Lipscomb, Dixon must be smiling at new turn in mayor's trial

Baltimore Sun

Like the Cheshire Cat, the case against Mayor Sheila Dixon might be fading to the point where there could be nothing left but a grin.

I don't know whom that grin will belong to when the trial is done, but I bet I know who is smiling for now.

Exhibit A: Ronald Lipscomb, the developer whose gifts to the mayor figure into both the current and subsequent criminal cases against her. Dixon's one-time boyfriend, he entered into a plea agreement in yet another City Hall corruption case - yes, that's three of them, for those of you keeping score at home. In exchange for letting him off on a lesser charge, he agreed to testify for the prosecution against the mayor.

But Tuesday, prosecutors rested without calling him to the stand. It's not quite a get-out-of-jail-free card, maybe more of a get-out-of-a-bribery-charge-for-not-much, but it still has to be one of the best bargains in town since C-Mart closed.

Shortly thereafter, Circuit Judge Dennis M. Sweeney threw out two charges in the mayor's theft trial that involved Lipscomb and the gift cards that prosecutors say he gave Dixon to hand out to the city's needy but instead she used herself.

So Exhibit B would have to be Dixon. She's still on the hook for other gift cards that went astray, from developer Patrick Turner and from the city's Housing Department's Holly Trolley giveaway, but she can't be unhappy that two of seven charges against her left the room.

While she's largely refused to say anything to the media during the trial, Dixon seemed tempted to break her silence after Sweeney's ruling. When I asked what she thought about losing the Lipscomb-related charges, she asked one of her lawyers, "Can I answer that?" Nope.

Tuesday's developments have thrown the current theft trial against her into some strange and unpredictable territory.

Jurors didn't react perceptibly when Sweeney informed them of "a significant development in this case" that occurred after they'd been sent out of the courtroom for him to hear Dixon's defense lawyer argue that prosecutors had failed to prove their case and she should be immediately acquitted. Failing to get all seven dropped, they then argued, unsuccessfully, for a mistrial.

But surely the jury could become Exhibit C, at least after members get over the confusion of what testimony and which witnesses they now must ignore as they continue hearing the remains of the case. A multi-faceted case that they were told might last about three weeks and perhaps bump into the Thanksgiving holiday just lost a major facet, and the defense is giving indications that it may not need as much time to present its witnesses as the prosecution did. Already, lawyers are starting to discuss the instructions the jury will be given before they start deliberations.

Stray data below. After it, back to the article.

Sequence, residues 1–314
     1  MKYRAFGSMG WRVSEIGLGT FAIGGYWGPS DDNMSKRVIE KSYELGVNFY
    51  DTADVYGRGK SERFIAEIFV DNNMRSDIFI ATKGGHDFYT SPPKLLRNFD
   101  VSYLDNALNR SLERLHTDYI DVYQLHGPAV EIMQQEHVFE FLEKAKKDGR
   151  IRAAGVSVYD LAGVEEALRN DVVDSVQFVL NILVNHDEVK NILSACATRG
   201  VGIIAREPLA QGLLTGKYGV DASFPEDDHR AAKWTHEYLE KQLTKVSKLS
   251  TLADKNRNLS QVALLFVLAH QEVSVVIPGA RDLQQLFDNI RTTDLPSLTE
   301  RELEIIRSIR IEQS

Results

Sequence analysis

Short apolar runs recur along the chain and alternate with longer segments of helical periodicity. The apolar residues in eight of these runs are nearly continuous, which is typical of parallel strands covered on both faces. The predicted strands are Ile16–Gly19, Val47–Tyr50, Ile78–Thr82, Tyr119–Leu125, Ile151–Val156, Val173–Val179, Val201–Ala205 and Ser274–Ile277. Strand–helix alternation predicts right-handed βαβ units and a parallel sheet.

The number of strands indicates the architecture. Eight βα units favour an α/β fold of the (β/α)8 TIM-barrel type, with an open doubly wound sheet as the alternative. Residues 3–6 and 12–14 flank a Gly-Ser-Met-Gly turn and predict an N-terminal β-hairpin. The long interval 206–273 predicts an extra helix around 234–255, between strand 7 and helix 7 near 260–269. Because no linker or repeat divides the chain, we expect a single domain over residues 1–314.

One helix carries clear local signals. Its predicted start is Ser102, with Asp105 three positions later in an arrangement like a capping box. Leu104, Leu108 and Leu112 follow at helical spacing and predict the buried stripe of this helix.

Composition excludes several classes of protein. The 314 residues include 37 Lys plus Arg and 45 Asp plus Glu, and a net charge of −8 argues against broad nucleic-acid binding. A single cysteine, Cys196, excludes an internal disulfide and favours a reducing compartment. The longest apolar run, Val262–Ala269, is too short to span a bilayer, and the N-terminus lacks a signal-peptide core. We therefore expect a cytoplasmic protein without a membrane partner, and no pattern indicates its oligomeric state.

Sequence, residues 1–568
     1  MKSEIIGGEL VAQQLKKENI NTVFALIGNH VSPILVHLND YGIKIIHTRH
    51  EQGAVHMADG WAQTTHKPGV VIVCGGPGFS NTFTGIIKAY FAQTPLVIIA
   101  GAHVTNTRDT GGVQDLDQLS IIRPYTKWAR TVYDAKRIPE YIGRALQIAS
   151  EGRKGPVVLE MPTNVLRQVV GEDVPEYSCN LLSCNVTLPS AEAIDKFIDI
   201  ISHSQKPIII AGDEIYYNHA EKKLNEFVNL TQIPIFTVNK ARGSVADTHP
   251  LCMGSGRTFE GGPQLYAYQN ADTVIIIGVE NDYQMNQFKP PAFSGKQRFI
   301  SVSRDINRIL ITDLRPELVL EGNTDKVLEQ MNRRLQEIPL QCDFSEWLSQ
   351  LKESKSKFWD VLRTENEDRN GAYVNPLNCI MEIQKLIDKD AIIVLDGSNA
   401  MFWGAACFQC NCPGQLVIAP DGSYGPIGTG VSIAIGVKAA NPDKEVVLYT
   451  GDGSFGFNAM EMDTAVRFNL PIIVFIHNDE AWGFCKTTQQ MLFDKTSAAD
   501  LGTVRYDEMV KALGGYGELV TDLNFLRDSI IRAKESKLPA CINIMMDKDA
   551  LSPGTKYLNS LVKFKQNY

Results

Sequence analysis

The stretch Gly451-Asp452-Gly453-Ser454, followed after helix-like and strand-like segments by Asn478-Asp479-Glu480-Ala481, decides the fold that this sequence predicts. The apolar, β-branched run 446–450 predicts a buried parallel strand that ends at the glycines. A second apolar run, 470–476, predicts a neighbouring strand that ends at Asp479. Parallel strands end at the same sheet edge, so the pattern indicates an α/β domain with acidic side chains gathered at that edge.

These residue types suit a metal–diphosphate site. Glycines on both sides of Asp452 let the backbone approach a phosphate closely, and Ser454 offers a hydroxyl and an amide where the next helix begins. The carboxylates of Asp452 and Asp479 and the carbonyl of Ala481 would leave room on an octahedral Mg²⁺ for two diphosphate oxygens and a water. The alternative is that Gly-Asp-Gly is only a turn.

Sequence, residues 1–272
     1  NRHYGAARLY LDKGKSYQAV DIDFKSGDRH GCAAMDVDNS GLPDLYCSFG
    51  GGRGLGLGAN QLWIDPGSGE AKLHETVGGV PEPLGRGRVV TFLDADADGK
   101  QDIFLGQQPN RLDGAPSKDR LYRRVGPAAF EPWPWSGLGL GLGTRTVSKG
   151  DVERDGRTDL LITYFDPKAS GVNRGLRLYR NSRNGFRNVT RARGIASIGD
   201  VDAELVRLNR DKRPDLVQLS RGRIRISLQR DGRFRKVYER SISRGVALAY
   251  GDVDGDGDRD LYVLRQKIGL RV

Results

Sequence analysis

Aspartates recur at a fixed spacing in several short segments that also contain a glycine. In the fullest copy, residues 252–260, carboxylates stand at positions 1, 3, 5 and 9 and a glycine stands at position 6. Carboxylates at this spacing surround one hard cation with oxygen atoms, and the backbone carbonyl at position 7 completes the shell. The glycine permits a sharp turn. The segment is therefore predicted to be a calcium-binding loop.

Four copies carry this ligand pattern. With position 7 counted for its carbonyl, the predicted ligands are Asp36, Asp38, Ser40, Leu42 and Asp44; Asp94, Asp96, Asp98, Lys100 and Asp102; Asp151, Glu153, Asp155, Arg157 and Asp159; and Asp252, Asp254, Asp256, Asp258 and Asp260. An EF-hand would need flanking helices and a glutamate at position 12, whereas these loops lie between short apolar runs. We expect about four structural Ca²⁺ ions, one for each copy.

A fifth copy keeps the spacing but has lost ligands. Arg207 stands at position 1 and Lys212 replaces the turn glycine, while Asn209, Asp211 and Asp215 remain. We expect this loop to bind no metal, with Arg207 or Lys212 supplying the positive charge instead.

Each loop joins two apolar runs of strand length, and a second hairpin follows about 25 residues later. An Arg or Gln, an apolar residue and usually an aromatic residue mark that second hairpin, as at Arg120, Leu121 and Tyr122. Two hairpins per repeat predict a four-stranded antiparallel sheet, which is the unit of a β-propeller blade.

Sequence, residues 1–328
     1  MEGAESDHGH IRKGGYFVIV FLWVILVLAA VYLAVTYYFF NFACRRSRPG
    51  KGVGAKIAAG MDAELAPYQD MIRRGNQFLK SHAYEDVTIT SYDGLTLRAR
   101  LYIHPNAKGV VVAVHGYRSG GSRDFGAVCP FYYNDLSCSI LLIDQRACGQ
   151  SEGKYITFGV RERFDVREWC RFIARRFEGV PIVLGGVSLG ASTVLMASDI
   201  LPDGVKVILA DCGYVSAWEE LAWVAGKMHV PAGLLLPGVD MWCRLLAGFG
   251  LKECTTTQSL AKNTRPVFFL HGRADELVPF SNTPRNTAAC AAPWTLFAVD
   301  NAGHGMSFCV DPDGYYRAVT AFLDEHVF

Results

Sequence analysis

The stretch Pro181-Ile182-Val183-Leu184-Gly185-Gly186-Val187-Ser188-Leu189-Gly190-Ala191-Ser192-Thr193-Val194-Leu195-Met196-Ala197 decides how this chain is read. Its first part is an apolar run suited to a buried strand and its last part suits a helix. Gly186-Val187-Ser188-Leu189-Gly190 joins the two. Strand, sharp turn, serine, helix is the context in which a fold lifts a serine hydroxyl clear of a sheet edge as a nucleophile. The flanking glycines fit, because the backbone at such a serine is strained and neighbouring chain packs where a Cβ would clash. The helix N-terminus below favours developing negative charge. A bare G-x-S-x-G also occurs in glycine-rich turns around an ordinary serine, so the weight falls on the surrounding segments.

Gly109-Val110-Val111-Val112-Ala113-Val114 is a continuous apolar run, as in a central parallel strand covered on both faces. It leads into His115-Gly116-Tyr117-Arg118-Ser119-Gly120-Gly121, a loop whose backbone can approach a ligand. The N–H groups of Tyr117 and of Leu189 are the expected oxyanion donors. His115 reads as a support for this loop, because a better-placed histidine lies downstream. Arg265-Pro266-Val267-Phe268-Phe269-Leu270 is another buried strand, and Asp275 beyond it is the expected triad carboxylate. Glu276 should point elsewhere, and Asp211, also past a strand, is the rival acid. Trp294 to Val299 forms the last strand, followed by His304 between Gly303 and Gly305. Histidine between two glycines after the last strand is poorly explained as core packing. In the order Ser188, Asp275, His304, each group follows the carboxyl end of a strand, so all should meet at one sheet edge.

Much of the trial to date has focused on Lipscomb. Dixon's lawyers estimated that some two-thirds of the testimony and exhibits now would have to be tossed out of the case along with the dropped charges, and somehow erased from the jurors' minds. Some jurors have been jotting extensively in their notebooks during the trial, and at one point a member sent a note to Sweeney that two of them needed new pencils.

Tossed out as a result of the dropped charges were some evidence and testimony entered just a couple of hours earlier. The day had begun with State Prosecutor Robert A. Rohrbaugh adding some exhibits, among them phone records from Lipscomb's company, Doracon Contracting. But when Lipscomb was not called to testify, Dixon attorney Dale P. Kelberman argued that such records were worthless because it only proved Lipscomb and Dixon spoke, not what they said.

"We can guess, we can speculate, we can make assumptions," Kelberman said, "but the jury cannot."

Minus Lipscomb, the case loses what could have been some major courtroom drama: the developer who once had lavished gifts and romantic getaways on Dixon would have to take to the stand just yards away from her seat at the defense table.

Meanwhile, much of the testimony the jury did hear, from representatives of various stores painstakingly tracking how gift cards bought by a Lipscomb aide were ultimately used by Dixon or her daughter or friends, will somehow have to be forgotten.

There was much dark muttering by Kelberman on Tuesday that Rohrbaugh had long ago decided against putting Lipscomb on the stand, but wanted that testimony out there, stuck in the jurors' heads.

"What we're faced with here is the spillover effect," Kelberman said. "We can't un-ring four days of testimony."

Rohrbaugh vehemently denied that, saying instead that it was a tactical decision made as the trial got under way.

Meanwhile, the much-watched trial is also playing out among the rest of us. And regardless of outcome, the picture of City Hall that is emerging from the courtroom is a telling one.

As Sweeney bemusedly asked on Tuesday, after the defense made a point about how Dixon couldn't know that an envelope full of gift cards in an unmarked envelope dropped off at her office was from developer Turner rather than her beau Lipscomb: "They are just swimming in gift cards?"

"Whether they're swimming in them or just wading, to her ankles, doesn't make a difference," Kelberman responded.

The volume may not matter - as the safety people always say, you can drown in a puddle. But the seemingly offhand way that gift cards, which are essentially cash, are handled at City Hall? The way no one blinks when an envelope full of them anonymously turns up one day? Or how stashes of cards are dipped into as casually as the candy dish in other workplaces?

As they say in Wonderland, curiouser and curiouser.

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